However, if brand awareness is what you’re looking for at first, a growth in followers can be beneficial before getting into the more business-oriented metrics.
Plus, more followers increases the organic reach you can get with your shared content, so along the line, it’s still important.
A few relevant KPIs to keep in mind for general brand awareness are:
Remember that these KPIs will have different names depending on the social media platform you’re analysing, but the general idea stays the same: how many people are *potentially* interested in seeing your content and learning more about your brand.
Now that you’ve increased the number of your followers and grown your content’s potential reach, it’s time to figure out whether the content you’re putting out there is actually interesting to your target audience.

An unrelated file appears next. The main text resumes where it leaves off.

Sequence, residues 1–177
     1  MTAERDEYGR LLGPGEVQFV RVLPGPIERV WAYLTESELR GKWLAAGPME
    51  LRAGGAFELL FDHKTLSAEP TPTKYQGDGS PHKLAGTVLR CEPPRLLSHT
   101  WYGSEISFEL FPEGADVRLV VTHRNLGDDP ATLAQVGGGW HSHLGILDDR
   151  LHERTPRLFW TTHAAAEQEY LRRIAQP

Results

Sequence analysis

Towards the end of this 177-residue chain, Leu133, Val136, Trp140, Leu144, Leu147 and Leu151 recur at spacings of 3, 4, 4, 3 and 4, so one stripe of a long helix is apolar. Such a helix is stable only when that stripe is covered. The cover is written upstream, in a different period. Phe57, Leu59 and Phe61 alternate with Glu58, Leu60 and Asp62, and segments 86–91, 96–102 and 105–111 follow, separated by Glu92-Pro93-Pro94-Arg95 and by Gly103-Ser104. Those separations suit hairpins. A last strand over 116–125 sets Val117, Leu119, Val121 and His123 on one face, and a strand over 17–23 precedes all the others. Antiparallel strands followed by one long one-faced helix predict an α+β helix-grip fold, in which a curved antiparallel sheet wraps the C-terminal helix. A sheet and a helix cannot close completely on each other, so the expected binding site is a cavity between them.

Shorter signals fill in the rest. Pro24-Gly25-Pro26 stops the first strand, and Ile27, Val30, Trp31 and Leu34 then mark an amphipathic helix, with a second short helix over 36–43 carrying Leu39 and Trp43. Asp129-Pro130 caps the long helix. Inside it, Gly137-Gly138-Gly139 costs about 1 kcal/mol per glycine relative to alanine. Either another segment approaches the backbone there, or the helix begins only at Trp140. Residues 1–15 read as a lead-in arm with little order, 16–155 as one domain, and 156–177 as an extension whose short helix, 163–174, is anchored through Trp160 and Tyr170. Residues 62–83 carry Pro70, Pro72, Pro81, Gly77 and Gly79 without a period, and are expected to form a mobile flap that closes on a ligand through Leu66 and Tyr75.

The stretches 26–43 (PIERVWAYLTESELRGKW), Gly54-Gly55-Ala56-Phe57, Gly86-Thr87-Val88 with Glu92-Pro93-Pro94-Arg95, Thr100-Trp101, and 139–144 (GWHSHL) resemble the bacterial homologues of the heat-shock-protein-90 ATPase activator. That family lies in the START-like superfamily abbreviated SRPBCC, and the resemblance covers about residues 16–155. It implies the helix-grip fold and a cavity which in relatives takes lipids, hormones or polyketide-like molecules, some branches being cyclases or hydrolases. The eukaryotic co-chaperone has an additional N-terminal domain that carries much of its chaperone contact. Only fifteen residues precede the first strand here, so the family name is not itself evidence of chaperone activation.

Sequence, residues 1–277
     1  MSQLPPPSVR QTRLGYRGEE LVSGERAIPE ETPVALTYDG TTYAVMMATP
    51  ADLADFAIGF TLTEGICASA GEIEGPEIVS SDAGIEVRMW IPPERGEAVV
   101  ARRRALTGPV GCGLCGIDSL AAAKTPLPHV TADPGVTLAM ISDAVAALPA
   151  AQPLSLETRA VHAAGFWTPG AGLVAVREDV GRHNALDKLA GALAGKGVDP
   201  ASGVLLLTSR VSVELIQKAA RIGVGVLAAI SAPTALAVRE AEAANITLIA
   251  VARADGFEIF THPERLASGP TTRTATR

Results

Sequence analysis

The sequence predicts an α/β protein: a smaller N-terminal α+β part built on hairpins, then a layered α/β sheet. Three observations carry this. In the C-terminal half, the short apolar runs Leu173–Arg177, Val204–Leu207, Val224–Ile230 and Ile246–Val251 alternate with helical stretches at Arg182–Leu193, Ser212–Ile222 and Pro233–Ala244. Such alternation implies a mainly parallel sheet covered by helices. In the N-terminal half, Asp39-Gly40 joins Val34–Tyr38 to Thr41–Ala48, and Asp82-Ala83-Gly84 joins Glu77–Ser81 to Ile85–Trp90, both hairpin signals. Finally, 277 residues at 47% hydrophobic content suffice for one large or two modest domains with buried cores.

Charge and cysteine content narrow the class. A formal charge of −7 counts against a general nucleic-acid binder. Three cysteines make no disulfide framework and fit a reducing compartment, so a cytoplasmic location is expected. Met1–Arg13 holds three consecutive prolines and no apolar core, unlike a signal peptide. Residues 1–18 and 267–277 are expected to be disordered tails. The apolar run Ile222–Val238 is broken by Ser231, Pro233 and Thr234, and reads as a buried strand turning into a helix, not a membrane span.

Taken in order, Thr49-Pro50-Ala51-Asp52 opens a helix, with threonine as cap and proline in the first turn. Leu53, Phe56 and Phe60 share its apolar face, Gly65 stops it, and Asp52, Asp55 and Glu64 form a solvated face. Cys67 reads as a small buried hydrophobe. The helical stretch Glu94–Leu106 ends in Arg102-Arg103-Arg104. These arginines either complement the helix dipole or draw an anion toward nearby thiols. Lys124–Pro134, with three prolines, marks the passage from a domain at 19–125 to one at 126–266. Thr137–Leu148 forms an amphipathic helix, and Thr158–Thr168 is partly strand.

Whether increasing engagement is a long-term strategy, or whether it’s tied to a specific campaign, there’s really no use publishing content and managing your social media accounts if no one actually cares to interact with you. Right?
That’s why these KPIs are particularly important if you want to track how your social media content strategy is faring:
Taking your follower engagement to the next level means driving not only clicks, but shares and retweets, which in turn, shows an increased loyalty to your brand and its content.
Someone who clicks on a piece of your social media content is interested in what your brand has to say.